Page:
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Got a question about our girls, eggs, farms, or anything else? You should find the answer below - if not, ask away
There are free range farms, and then there are happy egg co. free range farms.
We’re very picky about which farms we select to become part of the happy egg co. family - basing our decisions on the environment provided for the hens, as well as how passionate each farmer is about hen welfare.
Our ranges of lush greenery are packed with activity kits, trees, dustbaths, and anything else it takes to keep our girls happy. We truly believe that our farms are like no other, and the girls seem to agree! To ensure the farms remain truly happy places, we visit each of them monthly, making sure everything is as it should be - and checking the girls are on top form.
happy egg co. hens get to enjoy the freedom they deserve every day, whether they’re out shaking their tail feathers, taking flying lessons, or just catching up on last night’s soaps - and because of this, they lay the tastiest eggs. Good job, girls!
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Our girls are always keeping themselves busy. Outside on the range, they spend their days bathing in the sandpits, playing on our activity kits, or foraging in the foliage as they would do in the wild. For more detailed information about the environment we provide for our girls, see our hen welfare page.
We currently have just over 100 happy egg co. farms across England, Wales and Scotland. The size of flocks on the farms can vary quite a bit, but they’re normally around 4000 - ensuring every girl has lots of space to roam!
Hens usually live for between 5 and 11 years, depending on their breed. The oldest hen on record lived to be a whopping 16 years old!
On average, hens have about 2000 feathers, but this varies between breeds.
Indeed we do! Here’s a select few:
Hens lay an egg every 24-26 hours.
That means they’ll lay up to 325 eggs a year.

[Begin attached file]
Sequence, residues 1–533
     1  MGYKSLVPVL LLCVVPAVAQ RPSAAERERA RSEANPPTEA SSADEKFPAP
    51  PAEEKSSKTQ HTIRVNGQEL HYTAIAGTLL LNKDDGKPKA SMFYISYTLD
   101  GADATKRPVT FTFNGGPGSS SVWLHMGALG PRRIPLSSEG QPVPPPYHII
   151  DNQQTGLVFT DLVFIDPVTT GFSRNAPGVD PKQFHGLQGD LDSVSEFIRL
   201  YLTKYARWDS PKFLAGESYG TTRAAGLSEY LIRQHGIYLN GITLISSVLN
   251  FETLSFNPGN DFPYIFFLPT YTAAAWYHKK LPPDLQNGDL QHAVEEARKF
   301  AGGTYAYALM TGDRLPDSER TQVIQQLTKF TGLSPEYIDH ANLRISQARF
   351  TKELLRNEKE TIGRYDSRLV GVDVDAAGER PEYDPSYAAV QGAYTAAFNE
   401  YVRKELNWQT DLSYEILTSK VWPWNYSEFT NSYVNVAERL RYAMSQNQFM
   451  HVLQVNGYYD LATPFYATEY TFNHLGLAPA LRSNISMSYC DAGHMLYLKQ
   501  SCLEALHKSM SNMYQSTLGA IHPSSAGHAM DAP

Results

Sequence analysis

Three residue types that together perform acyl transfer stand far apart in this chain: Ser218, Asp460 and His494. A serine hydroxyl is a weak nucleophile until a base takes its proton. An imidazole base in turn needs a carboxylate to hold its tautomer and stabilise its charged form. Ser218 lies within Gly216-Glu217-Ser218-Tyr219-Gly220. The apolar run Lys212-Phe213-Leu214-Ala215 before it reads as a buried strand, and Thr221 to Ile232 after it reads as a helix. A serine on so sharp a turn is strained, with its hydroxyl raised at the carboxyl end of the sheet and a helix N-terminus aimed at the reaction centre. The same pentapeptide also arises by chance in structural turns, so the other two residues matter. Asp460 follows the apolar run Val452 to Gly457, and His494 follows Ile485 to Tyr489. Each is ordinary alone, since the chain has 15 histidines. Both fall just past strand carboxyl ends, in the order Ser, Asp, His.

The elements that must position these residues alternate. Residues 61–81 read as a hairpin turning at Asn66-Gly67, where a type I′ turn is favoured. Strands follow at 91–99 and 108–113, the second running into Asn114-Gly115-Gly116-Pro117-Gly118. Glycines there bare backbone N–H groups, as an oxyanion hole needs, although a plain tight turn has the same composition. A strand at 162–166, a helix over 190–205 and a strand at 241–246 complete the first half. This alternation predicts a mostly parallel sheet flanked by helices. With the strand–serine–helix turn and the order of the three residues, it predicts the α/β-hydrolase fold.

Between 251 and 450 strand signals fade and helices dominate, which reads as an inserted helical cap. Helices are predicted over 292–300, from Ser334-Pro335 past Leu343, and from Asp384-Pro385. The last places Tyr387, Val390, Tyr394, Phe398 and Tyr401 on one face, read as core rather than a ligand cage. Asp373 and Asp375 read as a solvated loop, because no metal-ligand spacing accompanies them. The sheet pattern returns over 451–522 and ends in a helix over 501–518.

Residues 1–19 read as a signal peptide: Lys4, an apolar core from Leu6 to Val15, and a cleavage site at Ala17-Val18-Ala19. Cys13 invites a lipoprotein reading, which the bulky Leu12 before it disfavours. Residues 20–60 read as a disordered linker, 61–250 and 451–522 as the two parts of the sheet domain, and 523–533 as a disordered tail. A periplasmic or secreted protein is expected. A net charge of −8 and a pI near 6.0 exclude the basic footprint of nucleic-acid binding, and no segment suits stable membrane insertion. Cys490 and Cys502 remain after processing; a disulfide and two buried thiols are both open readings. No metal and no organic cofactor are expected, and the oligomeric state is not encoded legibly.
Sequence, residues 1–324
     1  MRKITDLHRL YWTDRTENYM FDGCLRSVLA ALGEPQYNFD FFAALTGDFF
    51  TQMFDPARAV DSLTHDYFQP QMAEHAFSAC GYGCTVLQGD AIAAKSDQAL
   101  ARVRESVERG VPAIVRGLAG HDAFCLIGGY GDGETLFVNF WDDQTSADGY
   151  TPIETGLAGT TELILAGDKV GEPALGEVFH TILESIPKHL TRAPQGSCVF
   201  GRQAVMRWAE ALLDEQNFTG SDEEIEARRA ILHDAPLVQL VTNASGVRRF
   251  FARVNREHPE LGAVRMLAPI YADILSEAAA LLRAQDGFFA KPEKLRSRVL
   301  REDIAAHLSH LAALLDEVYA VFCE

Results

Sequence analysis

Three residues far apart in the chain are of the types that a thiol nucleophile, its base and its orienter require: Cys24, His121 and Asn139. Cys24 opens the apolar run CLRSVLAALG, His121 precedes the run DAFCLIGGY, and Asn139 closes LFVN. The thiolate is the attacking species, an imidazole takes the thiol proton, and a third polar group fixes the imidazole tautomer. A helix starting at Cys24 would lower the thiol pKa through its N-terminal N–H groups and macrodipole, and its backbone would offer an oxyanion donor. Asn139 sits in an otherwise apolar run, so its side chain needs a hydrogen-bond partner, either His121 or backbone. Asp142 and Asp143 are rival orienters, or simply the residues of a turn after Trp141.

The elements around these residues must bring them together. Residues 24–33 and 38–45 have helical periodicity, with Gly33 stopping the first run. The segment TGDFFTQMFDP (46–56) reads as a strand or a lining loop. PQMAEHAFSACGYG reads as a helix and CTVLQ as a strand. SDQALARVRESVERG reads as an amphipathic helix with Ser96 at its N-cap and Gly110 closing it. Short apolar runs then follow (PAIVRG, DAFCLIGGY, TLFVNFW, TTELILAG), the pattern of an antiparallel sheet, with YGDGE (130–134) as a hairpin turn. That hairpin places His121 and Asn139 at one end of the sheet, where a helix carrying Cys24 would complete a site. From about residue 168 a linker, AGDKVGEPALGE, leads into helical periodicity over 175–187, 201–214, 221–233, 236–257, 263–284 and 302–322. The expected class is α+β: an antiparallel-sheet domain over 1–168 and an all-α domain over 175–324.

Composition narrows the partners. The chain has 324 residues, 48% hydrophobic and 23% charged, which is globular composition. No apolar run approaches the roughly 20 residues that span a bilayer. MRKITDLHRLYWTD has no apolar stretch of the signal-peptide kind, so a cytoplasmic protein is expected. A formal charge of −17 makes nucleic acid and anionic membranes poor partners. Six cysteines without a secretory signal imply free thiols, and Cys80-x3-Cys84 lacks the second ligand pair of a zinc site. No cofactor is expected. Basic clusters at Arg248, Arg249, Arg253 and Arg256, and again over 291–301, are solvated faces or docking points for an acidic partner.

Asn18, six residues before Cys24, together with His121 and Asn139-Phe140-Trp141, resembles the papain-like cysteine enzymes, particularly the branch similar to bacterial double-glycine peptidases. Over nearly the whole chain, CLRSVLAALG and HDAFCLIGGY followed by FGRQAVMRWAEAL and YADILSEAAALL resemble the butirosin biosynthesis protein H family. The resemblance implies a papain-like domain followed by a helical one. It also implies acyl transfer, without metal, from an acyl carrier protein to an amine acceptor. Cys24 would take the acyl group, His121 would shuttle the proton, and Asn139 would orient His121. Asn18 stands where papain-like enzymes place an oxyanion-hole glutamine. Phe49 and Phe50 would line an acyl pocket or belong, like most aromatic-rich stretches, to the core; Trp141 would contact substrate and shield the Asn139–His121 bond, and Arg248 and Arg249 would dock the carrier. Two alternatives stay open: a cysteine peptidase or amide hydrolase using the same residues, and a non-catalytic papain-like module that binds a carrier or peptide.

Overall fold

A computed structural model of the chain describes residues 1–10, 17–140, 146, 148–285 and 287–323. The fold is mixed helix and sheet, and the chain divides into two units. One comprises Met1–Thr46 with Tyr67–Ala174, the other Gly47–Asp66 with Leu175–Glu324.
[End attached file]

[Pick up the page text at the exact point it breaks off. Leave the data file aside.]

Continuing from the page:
A hen can run at up to 9mph.
When laid, a hen’s egg is a piping hot 40° Celsius.
Hens love taking a dust bath - and often spend hours laying in them.
All our farms are approved by both the Lion Standard and the Freedom Food standard. Both of these codes of practice are independently audited, and you can find summaries of them here:
We also have our own happy egg co. standard, which includes farm standards and animal welfare specifications.
First, we send a dedicated field team to carry out audits on farms we work with, using a uniform standard system. Depending on how the farms score on these audits, they’re then graded bronze, silver, gold or platinum. Only the farms that achieve gold and platinum are chosen to become happy egg co. farms.
Double yolks normally come from young hens who are just coming into lay. When the hens first come into lay, their ovaries are not fully developed - and due to a hormone imbalance, they have several yolk follicles maturing at the same time. This releases several yolks into the egg laying channel, before they’re enclosed in the egg albumen and shell. After a couple of weeks, the girls egg-laying system settles down, and they’ll usually stop laying double yolks.
Double yolks are perfectly safe to eat, and are pretty rare amongst our girls - so if you get one, consider yourself lucky!
Our girls are all looked after by dedicated happy egg co. farmers, who work hard to make sure they’re always happy.
Our farmers open the peepholes to the henhouses first thing in the morning when the sun comes up - usually between 7am and 8am, depending on the time of year. The girls are then free to range, play and forage all day outdoors - until dusk, when they begin to make their way back to the safety of their henhouses. This will be around 4pm during the winter months and as late as 11pm in summer.
The farmers then ensure they’re all safely tucked up by nightfall - making sure they roost on the plastic slatted area within the henhouse, safe from any predators.
Stringent measures are taken to make sure that eggs are collected, stored and handled in a way that ensures maximum quality and freshness. Under the Lion Code, eggs have a total life of 28 days from the day they are laid. We pack the eggs no later than 6 days from lay but in most cases, it’s no more than 3 days. The Best Before date on our eggs is typically 21 days after the day that they’re packed.
None of our happy egg co. farms are currently open to the public - but it is something that we’re currently organising. Once we’ve done this, we’ll let everyone know right here on our website, so keep an eye out! Alternatively, you can leave your contact details with us, and we’ll make sure we contact you as soon as the farms are open for visitors.
Although our inquisitive girls love people coming to visit them, we’re unable to fulfil every request.
We have over a hundred happy egg co. farms, all run by dedicated, caring farmers. In every case, the farm is a commercial business and in many cases, it’s the family home of the farmer too. Therefore, we can’t expect our farmers to host visitors - as their number one priority is always the girls.
We also have stringent rules regarding avian flu protection, and limit visitors to a minimum where possible - ensuring that the health of our happy hens is never compromised. We’re currently looking into opening up our farms on an occasional basis, so keep checking the website for more information or get in touch with us here.